Homily for the Solemnity of the Most Sacred Heart of Jesus
The Most Sacred Heart of Jesus is one of the most important solemnities that we celebrate in the life of the Church. It not only reminds us of the beauty of Jesus’ heart — fully human and fully divine — but it also gives us our example of how our hearts should be. This feast day invites us to reflect more deeply on our own hearts, to discover what areas of our hearts are not like Christ’s. It’s a moment when we are invited into a moment of deeper conversion, a moment to ask the Lord Jesus who is meek and humble to make our hearts like His.
Our readings this morning should make us pause and remember all that Jesus has done for us as our Savior. He isn’t a God who is so far removed from our lives that He can’t relate to us. Instead, He’s a God who stepped into our human condition; He stepped into our reality. He endured the same things that we endure. He experienced the negative aspects of life: hardship, suffering, rejection. But He also enjoyed life to the fullest. He experienced the best of humanity: love, joy, peace, fulfillment. He did that in order to show us how to love as the Father loves, how to bring others into an encounter with that love, into and encounter with the Divine.
The most important thing that Jesus did in His life was to be a Shepherd to us, to guide us in our own journeys of life, to lead us to the heart of the Father. The heart of the Father is manifested in the Sacred Heart of Jesus. And what does that heart do? How does that heart love? It seeks out the lost. It brings wholeness to those who are broken. It brings peace to the troubled and the wearied. It brings joy to those in sadness. It brings relief to the downtrodden. It brings protection and security to the defenseless. It brings life to the dead.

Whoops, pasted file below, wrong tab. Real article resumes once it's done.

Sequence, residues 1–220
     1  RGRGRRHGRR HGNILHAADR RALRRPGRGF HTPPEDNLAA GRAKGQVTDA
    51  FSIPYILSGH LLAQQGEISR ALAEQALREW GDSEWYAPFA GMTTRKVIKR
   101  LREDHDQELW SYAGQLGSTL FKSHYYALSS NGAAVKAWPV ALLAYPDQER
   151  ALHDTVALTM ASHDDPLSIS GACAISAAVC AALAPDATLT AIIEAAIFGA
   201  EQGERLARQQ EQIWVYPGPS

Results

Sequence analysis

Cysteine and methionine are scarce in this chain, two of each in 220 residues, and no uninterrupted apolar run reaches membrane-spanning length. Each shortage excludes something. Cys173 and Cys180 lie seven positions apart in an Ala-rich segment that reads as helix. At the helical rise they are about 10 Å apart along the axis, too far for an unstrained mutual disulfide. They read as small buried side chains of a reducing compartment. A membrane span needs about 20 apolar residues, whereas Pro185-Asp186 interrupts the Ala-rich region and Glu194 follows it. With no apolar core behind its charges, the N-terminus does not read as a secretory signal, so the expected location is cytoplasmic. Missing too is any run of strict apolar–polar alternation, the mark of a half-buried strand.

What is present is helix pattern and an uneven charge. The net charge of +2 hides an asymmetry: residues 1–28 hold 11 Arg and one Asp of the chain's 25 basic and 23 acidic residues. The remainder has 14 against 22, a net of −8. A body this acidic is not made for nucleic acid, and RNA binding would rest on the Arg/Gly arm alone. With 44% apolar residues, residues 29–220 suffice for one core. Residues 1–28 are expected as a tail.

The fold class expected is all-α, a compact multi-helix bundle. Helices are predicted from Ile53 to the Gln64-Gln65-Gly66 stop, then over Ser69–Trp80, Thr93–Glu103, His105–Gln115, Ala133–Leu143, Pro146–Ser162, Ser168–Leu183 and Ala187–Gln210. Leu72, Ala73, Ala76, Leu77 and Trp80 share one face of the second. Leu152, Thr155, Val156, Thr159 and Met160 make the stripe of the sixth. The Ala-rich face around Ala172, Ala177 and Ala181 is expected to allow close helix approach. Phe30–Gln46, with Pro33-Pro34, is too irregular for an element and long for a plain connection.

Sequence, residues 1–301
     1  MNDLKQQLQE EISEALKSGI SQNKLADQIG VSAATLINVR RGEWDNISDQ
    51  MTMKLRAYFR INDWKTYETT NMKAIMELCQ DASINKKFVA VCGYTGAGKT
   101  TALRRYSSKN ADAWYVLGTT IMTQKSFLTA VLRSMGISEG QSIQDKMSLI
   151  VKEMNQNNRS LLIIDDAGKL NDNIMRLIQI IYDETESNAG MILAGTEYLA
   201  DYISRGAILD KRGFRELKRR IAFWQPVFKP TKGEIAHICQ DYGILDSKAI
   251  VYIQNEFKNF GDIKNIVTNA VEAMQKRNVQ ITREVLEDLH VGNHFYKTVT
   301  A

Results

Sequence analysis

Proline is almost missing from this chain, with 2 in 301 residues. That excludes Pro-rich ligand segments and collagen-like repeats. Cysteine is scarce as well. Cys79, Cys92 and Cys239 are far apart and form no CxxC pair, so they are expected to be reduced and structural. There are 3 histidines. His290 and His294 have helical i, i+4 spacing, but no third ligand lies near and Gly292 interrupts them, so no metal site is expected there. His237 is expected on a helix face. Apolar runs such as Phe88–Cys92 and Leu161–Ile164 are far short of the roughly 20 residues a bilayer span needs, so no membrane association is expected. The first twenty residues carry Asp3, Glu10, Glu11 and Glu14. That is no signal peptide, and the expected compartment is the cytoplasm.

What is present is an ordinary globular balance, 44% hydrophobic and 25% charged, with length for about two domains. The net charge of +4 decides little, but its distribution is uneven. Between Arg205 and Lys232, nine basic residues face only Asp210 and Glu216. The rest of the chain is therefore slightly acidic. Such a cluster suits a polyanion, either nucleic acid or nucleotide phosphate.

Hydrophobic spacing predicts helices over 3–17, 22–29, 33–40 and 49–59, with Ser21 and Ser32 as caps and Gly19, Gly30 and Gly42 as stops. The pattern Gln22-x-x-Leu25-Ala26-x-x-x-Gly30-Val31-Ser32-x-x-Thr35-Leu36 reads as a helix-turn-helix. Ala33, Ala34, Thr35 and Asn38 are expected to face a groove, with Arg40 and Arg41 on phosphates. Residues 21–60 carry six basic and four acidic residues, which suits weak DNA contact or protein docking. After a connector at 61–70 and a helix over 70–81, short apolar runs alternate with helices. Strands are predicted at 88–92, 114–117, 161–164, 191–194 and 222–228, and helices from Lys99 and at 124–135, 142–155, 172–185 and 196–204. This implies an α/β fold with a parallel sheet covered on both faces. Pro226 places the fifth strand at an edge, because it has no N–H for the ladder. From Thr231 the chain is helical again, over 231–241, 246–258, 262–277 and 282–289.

We are called to do the same. We are called to allow the Sacred Heart to manifest in our own bodies. The Eucharist is the way that happens. By receiving the Eucharist, we are receiving a piece of Jesus’ heart…the inner most portion of His heart, in fact. Every Eucharistic miracle that has happened has proven that what we receive is a piece of the muscle of Jesus’ heart. It’s meant to transform us, to make our hearts His own, to go out and to do to others what He does for us.
Today, as we approach the altar to receive the Eucharist on this feast day of the Sacred Heart of Jesus, let’s ask our Lord, let’s begin Him actually, to make our hearts like His — meek and humble. Let’s ask Him to transform us, to allow us to be His hands and feet in the world, going out and being the shepherds that He needs us to be. Don’t let this simply be another day. Let this be a day when we are truly changed so that we can now go out and change the world.
Jesus, meek and humble of heart, please, make our hearts like Yours.